A Primer of Chess

Author: Capablanca y Graupera, Jose Raul (1888-1942) inscribed

Publisher: Harcourt, Brace and Company

Location: New York

Year: 1935

$1,750.00


Description:

xxix+281 pages with diagrams. Octavo (8 3/4" x 5 1/2") bound in original publisher's blue cloth with gilt lettering to spine with blind-stamped chess boards to covers. Inscribed by Capablanca on front end paper. (Betts: 10-136) First American edition.

This work is in tow parts. In part one the author gives basic instruction, first very briefly, the covering the same points in more detail. In part two he deals with endings, the middle-game, openings, in that order. This was published in London by Bell in the same year.

Jose Raul Capablanca y Graupera (19 November 1888-8 March 1942) was a Cuban chess player who was world chess champion from 1921 to 1927. A chess prodigy, he is considered by many as one of the greatest players of all time, widely renowned for his exceptional endgame skill and speed of play. Born in Havana, he beat Cuban champion Juan Corzo in a match two days before his thirteenth birthday on 17 November 1901. His victory over Frank Marshall in a match in 1909 earned him an invitation to the 1911 San Sebastian tournament, which he won ahead of players such as Akiba Rubinstein, Aron Nimzowitsch and Siegbert Tarrasch. During the next several years, Capablanca had a strong series of tournament results. After several unsuccessful attempts to arrange a match with the then world champion Emanuel Lasker, Capablanca finally won the title from Lasker in 1921. Capablanca was undefeated for eight years from 10 February 1916 to 21 March 1924, a period which included the world championship match with Lasker. Capablanca lost the title in 1927 to Alexander Alekhine, who had never beaten Capablanca before the match. Following unsuccessful attempts to arrange a return match over many years, relations between them became bitter. Capablanca continued his excellent tournament results in this period but withdrew from serious chess in 1931. He made a comeback in 1934, with some good results, but also showed symptoms of high blood pressure. He died in 1942 of "a cerebral hemorrhage provoked by hypertension". (Wikipieda)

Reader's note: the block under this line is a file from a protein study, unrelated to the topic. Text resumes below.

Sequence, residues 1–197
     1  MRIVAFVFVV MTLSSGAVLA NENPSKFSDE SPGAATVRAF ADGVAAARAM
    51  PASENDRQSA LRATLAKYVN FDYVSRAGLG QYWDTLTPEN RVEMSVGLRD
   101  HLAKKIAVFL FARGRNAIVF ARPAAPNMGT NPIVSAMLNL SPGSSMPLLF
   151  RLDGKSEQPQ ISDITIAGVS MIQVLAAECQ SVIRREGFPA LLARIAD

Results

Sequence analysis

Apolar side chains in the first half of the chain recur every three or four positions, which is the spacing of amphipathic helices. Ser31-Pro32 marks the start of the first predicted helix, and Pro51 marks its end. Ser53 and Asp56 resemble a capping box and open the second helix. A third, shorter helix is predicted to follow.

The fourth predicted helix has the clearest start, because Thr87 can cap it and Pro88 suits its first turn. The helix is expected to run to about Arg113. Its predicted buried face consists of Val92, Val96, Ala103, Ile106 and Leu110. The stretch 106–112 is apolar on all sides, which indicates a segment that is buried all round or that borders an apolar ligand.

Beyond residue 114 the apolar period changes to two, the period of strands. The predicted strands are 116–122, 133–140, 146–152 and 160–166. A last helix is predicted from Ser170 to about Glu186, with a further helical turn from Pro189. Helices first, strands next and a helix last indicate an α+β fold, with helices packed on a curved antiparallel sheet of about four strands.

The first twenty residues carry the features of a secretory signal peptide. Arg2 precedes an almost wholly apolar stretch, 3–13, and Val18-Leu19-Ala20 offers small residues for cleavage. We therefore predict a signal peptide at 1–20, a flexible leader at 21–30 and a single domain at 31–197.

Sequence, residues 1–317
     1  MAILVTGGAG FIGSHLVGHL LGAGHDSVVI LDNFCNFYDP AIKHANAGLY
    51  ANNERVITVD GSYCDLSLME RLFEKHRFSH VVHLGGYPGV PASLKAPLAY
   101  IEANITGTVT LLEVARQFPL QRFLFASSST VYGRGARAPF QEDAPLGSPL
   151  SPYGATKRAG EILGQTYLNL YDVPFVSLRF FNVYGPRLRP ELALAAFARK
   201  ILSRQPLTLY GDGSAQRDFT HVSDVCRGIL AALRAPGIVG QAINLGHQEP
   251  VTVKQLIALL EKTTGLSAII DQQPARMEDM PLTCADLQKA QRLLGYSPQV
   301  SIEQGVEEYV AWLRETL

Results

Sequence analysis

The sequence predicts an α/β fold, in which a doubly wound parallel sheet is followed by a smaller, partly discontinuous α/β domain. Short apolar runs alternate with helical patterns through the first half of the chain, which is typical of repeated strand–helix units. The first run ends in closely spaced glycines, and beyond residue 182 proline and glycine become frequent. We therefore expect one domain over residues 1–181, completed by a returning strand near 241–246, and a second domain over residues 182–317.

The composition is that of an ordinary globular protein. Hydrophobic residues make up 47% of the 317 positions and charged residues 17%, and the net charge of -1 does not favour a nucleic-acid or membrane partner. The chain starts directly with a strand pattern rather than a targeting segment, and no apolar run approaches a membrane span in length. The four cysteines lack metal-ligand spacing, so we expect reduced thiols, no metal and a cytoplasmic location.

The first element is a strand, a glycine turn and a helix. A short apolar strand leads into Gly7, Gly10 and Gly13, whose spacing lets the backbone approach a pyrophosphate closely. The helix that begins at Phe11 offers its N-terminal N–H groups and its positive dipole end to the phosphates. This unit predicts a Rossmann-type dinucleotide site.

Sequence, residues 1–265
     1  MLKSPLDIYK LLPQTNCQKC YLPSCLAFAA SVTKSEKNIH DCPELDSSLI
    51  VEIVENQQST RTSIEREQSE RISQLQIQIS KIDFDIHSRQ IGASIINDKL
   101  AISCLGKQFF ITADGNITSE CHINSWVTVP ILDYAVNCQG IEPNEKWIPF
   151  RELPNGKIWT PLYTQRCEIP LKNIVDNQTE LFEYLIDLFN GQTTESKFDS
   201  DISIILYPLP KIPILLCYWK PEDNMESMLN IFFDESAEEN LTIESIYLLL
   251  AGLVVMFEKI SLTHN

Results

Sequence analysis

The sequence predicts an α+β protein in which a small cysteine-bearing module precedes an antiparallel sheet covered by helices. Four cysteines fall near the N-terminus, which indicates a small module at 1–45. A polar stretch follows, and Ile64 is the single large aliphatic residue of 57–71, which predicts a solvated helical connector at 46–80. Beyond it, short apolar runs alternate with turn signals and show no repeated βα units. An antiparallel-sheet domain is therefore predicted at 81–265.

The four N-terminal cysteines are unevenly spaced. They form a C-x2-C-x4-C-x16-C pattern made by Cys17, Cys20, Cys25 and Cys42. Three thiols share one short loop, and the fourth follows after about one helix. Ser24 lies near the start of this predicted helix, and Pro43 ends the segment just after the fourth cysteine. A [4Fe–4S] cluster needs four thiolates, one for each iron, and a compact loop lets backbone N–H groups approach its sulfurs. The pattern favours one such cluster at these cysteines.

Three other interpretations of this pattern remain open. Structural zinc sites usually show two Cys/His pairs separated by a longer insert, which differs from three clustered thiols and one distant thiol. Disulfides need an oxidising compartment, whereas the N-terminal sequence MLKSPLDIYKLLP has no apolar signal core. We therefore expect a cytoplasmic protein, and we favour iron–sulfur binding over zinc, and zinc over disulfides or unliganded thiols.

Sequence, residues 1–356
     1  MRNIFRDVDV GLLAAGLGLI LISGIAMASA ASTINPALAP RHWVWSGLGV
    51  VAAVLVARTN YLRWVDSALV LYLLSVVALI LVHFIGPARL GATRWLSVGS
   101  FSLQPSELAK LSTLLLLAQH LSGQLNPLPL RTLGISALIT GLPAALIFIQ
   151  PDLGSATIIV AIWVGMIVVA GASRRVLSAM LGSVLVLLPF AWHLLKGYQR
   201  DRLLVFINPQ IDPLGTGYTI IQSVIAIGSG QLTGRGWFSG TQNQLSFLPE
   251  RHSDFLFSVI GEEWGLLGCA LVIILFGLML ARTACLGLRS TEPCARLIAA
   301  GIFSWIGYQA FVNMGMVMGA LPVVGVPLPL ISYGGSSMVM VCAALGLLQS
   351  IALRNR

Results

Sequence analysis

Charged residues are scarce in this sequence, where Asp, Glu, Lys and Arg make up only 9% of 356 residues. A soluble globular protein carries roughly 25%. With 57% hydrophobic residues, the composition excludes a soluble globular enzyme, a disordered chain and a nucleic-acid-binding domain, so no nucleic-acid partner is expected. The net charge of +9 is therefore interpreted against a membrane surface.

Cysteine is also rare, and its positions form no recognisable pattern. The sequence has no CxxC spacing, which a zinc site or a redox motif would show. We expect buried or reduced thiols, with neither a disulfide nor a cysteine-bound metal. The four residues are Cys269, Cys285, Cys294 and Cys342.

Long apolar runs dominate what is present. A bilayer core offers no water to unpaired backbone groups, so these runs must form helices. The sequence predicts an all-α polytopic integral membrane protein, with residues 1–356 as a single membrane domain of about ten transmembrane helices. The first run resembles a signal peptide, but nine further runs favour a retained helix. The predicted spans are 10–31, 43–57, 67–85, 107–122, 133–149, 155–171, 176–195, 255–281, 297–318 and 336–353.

Condition:

Inscribed in Spanish on the half title which is clipped at the lower third of the page. Some internal soiling including title, spine ends rubbed and frayed, corners bumped, gilt dulled else a good copy of a rare inscription.